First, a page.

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N.J. cops filed 6,000 charges for weed since voters passed legalization initiative

N.J. cops filed 6,000 charges for weed since voters passed legalization initiative

New jersey still charging citizens with cannabis

Police across New Jersey have filed more than 6,000 charges for minor marijuana possession in the three months since 2.7 million voters said yes to legalizing weed in the Garden State.

The arrests continue as lawmakers and Gov. Phil Murphy work on a last-minute compromise for stalled marijuana legalization and decriminalization bills — and as people mistakenly believe that state has already reformed its laws prohibiting marijuana.

Police filed 2,378 charges for possessing less than 50 grams of marijuana during the month of January, according to a report from the state judiciary.

That’s lower than the pre-election average of arresting 100 some people a day, but higher than in November and December, when police across the state filed 2,125 charges and then 1,703 charges, respectively.

Many thought marijuana would be legal by Jan. 1. — and some argue it is.

But ongoing debate on two bills — one to launch a legal marijuana industry and another to end arrests for possessing small amounts — has left laws barring the drug’s use on the books.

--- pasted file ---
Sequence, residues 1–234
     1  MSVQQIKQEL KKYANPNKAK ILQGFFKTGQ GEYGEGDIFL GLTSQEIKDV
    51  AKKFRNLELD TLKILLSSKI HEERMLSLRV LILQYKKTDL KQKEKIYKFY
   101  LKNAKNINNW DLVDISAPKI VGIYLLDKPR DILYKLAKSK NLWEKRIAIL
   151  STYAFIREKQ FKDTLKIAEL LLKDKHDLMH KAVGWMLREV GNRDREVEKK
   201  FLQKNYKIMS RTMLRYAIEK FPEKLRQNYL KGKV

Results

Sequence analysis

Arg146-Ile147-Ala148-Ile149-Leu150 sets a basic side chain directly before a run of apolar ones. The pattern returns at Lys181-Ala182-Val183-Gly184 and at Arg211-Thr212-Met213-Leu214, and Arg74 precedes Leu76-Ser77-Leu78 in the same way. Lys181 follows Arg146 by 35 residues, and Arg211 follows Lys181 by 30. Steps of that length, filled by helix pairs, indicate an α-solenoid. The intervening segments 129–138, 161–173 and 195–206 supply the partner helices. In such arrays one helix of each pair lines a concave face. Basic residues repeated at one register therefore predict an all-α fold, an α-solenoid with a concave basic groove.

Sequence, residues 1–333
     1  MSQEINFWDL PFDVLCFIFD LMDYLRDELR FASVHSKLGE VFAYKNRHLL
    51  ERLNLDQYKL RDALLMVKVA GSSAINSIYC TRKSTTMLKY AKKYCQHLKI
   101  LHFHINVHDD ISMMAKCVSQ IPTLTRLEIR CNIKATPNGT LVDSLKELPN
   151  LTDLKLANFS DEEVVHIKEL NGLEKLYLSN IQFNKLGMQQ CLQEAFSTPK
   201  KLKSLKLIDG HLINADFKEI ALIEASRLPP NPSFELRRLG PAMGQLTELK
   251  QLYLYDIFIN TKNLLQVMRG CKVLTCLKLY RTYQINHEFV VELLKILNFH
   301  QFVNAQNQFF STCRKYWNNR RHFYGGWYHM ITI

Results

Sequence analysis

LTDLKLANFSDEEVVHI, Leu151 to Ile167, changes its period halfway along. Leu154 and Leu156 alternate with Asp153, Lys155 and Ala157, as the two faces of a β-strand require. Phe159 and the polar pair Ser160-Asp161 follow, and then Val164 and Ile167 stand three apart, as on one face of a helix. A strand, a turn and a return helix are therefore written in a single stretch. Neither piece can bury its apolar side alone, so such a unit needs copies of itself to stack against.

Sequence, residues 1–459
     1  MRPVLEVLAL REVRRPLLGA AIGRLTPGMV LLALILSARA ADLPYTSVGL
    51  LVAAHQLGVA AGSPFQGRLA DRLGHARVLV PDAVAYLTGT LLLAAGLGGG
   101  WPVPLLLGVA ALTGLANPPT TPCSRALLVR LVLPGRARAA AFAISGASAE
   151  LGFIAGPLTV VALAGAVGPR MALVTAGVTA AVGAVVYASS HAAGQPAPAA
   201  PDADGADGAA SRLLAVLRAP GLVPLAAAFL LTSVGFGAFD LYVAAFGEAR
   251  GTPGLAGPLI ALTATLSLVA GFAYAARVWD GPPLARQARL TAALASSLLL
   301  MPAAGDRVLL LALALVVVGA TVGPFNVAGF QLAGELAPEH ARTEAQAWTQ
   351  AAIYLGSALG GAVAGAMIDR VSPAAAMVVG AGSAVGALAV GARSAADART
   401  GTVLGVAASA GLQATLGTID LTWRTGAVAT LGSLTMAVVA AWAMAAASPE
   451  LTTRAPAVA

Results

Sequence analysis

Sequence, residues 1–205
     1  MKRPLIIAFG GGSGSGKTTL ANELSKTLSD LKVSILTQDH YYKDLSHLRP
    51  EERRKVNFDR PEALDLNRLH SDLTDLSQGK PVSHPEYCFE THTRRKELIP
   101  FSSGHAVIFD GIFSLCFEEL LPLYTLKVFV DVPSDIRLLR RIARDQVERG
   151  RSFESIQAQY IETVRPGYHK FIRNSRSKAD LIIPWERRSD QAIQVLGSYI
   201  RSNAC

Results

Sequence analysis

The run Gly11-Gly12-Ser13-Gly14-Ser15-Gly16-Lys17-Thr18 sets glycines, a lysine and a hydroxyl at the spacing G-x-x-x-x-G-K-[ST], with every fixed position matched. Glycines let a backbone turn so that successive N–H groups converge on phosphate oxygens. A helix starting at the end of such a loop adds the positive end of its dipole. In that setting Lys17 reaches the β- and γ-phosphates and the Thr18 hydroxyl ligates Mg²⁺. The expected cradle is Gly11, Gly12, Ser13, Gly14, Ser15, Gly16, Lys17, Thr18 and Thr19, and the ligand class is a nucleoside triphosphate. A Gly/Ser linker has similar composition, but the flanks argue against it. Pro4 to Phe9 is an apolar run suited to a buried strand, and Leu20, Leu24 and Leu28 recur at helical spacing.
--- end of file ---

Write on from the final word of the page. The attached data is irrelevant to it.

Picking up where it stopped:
“We’re in a terrible limbo,” said Chris Goldstein, of the cannabis activist group NORML.

“It is a huge concern,” he said. “I think the confusion — the dangerous confusion — isn’t among consumers. I think there’s a dangerous confusion among the police and prosecutors out there. The problem is police are still enforcing prohibition. I think they need a clearer directive.”

New Jerseyans voted 2 to 1 to legalize marijuana, but that didn’t overhaul prohibition immediately. Instead, it gave lawmakers a mandate to create a framework for a legal marijuana industry and to pass a bill to stop arrests.

They did that in mid-December, thinking Murphy would sign it by the start of 2021.

US cannabis jobs surpass 321,000 full-time jobs

US cannabis jobs surpass 321,000 full-time jobs

cannabis jobs surpass 300,000 in the US

How many jobs are there in America’s legal marijuana industry?

The 2021 Leafly Jobs Report, issued earlier today, found 321,000 full-time equivalent (FTE) jobs supported by legal cannabis as of January 2021. That total includes both plant-touching and ancillary jobs—everyone from budtenders to bean-counters.

To put that in perspective: In the United States there are more legal cannabis workers than electrical engineers. There are more legal cannabis workers than EMTs and paramedics. There are more than twice as many legal cannabis workers as dentists.

cannabis jobs exceed 300,000 in the US